I can still remember recording the official warnings. As a young radio deejay, not only did I spin the Adult Contemporary hits, my duties and responsibilities included voicing and recording commercials, public service announcements and, on occasion, the official language scripted by Cold War doomsday planners.
“This is a test. This is only a test. For the next thirty seconds, this station will conduct a test of the Emergency Broadcast System.”
Then came a shrill tone, aimed at grabbing the listener’s attention, forcing them to imagine the unimaginable. Soviet Inter-continental ballistic missiles arcing their way over the polar ice cap bound straight for our backyard. Our own Titan II and Atlas ICBM’s lodged deep beneath the farmland ringing Topeka and Wichita, home to much of the nation’s aerospace manufacturing capacity.
Kansas. The sunflower state, wide open spaces, room to breathe and grow. A target rich environment.
This memory was jogged after hearing of Ford’s desire to abandon AM radio in new cars. They backed down when some rural Congressional leaders introduced a bill basically mandating AM radios in all new cars. Without AM radio, their argument went, how will folks be alerted to emergencies? Warm air will still rise, tornadoes will still form in the summertime and kidnappers will still boost children walking home from school.
Ford’s response was basically, “why, the Internet, of course!” After all, today’s alert system is much more technologically sophisticated – delivered not only through terrestrial broadcasting, but cellular service and Internet-based platforms. One message, a raft of different technological vehicles to carry it.
Ford’s notion to abandon AM radios smacks of coastal thinking, ideas generated by those whose daily personal experience takes access to high-speed Internet for granted and does not involve listening to AM radio. It seems little, if any, thought is given to the middle of the country and those wide open spaces.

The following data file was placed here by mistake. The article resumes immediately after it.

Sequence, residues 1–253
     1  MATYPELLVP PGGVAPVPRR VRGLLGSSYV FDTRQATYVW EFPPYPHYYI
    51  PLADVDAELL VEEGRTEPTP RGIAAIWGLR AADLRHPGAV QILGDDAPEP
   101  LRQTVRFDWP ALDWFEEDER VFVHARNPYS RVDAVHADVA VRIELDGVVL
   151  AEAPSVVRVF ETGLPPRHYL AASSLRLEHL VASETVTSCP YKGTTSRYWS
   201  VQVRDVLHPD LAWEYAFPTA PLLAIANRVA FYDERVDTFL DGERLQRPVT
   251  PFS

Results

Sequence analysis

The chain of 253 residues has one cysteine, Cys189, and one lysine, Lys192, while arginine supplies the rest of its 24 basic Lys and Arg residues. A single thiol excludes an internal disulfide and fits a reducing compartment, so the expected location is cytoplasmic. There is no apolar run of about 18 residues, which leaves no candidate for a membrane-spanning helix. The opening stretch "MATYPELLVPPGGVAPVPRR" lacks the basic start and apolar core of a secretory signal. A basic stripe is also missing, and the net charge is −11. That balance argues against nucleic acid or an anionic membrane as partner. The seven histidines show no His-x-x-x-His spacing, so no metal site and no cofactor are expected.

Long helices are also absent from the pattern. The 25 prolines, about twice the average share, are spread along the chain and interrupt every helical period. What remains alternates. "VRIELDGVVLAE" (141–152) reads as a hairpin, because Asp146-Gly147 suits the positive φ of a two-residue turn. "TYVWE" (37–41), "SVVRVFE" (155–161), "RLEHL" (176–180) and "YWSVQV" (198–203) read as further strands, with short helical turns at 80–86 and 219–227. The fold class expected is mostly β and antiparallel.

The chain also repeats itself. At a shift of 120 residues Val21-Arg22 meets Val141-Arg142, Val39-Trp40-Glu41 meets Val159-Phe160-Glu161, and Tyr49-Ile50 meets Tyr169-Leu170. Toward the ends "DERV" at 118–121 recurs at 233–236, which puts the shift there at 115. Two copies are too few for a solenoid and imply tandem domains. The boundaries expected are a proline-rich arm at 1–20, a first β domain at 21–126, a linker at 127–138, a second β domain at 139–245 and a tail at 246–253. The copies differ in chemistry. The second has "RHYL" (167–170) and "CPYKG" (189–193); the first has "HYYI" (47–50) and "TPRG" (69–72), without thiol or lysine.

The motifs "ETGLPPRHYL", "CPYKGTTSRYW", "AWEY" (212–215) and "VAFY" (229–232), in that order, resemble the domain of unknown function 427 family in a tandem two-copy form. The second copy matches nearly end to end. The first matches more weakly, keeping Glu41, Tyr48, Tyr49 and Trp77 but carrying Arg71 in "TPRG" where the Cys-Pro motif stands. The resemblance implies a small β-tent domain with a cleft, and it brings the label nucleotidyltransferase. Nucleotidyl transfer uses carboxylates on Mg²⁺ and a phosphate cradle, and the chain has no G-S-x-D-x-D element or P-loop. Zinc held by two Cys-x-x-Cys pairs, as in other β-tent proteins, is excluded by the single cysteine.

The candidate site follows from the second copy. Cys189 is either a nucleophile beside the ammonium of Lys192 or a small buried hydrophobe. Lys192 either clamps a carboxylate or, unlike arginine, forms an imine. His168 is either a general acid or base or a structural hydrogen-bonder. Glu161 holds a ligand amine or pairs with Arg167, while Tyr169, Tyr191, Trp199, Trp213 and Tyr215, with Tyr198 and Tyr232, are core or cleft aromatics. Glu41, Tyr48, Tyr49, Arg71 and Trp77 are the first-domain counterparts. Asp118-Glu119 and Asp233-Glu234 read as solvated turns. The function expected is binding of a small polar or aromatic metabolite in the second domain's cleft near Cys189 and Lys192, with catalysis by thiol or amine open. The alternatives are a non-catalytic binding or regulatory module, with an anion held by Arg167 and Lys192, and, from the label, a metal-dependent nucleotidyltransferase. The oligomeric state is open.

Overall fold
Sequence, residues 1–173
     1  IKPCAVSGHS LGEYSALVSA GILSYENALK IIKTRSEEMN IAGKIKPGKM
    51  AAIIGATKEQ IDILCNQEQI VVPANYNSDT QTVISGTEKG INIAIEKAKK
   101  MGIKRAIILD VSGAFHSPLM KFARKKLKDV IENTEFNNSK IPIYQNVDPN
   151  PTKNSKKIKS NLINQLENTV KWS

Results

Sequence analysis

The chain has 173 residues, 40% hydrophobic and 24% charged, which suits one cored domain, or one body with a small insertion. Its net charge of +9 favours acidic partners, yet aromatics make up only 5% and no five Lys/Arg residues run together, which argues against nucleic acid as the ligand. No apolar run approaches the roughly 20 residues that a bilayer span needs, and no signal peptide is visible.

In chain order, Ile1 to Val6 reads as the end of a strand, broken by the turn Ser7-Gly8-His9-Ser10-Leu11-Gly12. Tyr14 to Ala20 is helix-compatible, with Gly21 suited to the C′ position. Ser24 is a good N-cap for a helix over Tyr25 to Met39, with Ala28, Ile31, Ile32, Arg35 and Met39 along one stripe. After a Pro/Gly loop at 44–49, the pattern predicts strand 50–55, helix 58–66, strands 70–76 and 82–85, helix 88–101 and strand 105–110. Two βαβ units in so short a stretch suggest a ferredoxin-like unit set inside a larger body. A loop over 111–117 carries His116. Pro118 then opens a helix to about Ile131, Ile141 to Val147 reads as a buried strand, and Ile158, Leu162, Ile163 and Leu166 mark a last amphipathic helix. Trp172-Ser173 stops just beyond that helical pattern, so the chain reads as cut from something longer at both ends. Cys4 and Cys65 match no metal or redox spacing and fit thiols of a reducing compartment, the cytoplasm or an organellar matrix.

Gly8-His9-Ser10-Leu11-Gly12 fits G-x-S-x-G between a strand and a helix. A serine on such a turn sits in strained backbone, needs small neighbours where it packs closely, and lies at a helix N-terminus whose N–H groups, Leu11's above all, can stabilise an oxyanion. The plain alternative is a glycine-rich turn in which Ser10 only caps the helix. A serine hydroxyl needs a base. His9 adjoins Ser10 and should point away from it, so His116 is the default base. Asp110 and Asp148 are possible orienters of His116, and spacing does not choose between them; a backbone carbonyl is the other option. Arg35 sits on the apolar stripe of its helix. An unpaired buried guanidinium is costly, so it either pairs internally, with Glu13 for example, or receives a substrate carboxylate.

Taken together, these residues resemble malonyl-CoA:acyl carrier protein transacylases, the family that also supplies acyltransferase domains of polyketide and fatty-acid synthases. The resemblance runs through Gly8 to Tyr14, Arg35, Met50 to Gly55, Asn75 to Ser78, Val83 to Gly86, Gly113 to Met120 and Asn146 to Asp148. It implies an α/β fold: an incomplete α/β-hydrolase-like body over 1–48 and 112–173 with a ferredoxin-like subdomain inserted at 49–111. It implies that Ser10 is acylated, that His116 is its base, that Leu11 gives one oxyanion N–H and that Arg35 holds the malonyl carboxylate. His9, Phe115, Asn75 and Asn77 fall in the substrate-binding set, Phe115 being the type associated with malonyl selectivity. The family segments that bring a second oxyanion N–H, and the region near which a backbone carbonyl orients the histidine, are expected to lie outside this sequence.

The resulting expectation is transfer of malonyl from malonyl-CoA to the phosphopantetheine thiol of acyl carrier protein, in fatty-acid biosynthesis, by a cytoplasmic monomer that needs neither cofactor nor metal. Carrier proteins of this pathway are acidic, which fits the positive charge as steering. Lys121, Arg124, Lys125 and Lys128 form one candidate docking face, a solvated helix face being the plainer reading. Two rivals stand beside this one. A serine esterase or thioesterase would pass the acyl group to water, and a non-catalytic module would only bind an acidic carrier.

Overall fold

Play that antique cassette tape out to the end. Ford will very likely eventually get their way, but for a different reason. When rural broadband reaches the last farmhouse in the section, the need for terrestrial radio signals generated by a transmitter, broadcast through the air by a red and white stick towering over the prairie, will fade into history like the Mutually Assured Destruction doctrine.
The telephone did away with the telegraph. Digital printing eclipsed offset. In Hollywood, digital video left celluloid film, literally, on the cutting room floor. The Integrated Public Alert & Warning System 86’d the Emergency Broadcast System.
Video killed the radio star.
Early in my career, I was fortunate to work for three Kansas pioneer broadcasters, Martin Umansky at KAKE in Wichita, Bob Schmidt and Ross Beach at KAYS in Hays, and the Stauffer brothers at WIBW in Topeka, in television and AM radio at all three. Only by looking backward does one capture a sense of “you don’t know what you’ve got ‘til it’s gone.”
Technology changes old ways of operating. Best practices that were once widely accepted in the mainstream of our existence have become novelty niches. Business models will change. The cutting edge will get sharper. “Broadcasting” as a culture and an industry will adapt or fail.
“This concludes this test of the Emergency Broadcast System…”
Matson began his career in broadcasting as an all-night deejay and transitioned to broadcast journalism, where he managed radio and TV newsrooms. Then came service in politics/government and advocacy, all in Kansas.